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Environmental Modification Convention

Parties to the Environmental Modification Convention undertake not to engage in military or any other hostile use of environmental modification techniques having widespread, long-lasting or severe effects as the means of destruction, damage or injury to any other State Party.

In July 1972 the U.S. Government renounced the use of climate modification techniques for hostile purposes, even if their development were proved to be feasible in the future. On December 10, 1976 the General Assembly adopted a resolution by a vote of 96 to 8, with 30 abstentions, which referred the Convention to all member nations. The Senate gave its advice and consent to ratification on November 28, 1979, by a vote of 98-0. The President ratified the Convention December 13, 1979. The Convention entered into force for the United States on January 17, 1980, when the U.S. instrument of ratification was deposited in New York.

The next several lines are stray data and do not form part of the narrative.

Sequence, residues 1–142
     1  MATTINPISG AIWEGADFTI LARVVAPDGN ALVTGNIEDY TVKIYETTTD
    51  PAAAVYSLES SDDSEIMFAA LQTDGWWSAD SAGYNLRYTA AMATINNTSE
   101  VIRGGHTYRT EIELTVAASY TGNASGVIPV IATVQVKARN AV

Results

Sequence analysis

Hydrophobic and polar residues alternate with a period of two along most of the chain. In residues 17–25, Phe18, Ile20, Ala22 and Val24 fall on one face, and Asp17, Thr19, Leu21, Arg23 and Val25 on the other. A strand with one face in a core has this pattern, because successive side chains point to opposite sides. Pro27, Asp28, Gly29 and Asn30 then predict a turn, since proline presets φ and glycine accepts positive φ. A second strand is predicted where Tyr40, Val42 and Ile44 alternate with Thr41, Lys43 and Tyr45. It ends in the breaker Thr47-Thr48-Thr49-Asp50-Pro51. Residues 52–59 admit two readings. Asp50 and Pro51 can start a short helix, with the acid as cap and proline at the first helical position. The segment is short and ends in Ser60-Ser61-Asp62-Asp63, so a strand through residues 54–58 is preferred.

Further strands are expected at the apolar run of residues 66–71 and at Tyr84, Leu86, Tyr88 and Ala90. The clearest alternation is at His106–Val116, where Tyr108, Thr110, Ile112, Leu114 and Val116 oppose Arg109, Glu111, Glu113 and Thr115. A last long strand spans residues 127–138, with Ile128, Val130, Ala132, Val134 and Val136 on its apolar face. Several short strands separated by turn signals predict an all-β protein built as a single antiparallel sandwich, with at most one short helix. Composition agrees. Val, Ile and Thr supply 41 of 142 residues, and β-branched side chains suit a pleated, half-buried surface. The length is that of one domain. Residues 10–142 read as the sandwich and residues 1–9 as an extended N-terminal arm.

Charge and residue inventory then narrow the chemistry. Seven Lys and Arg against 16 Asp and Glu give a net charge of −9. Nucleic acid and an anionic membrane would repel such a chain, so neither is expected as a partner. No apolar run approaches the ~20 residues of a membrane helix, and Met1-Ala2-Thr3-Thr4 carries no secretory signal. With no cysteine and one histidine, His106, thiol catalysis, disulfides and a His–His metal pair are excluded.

Primary documents, including treaty text and associated memoranda, statements and other related material, as well as official factsheets, announcements, briefings speeches and other related material.

Chronological archive of news reports, commentary analysis and other related material.

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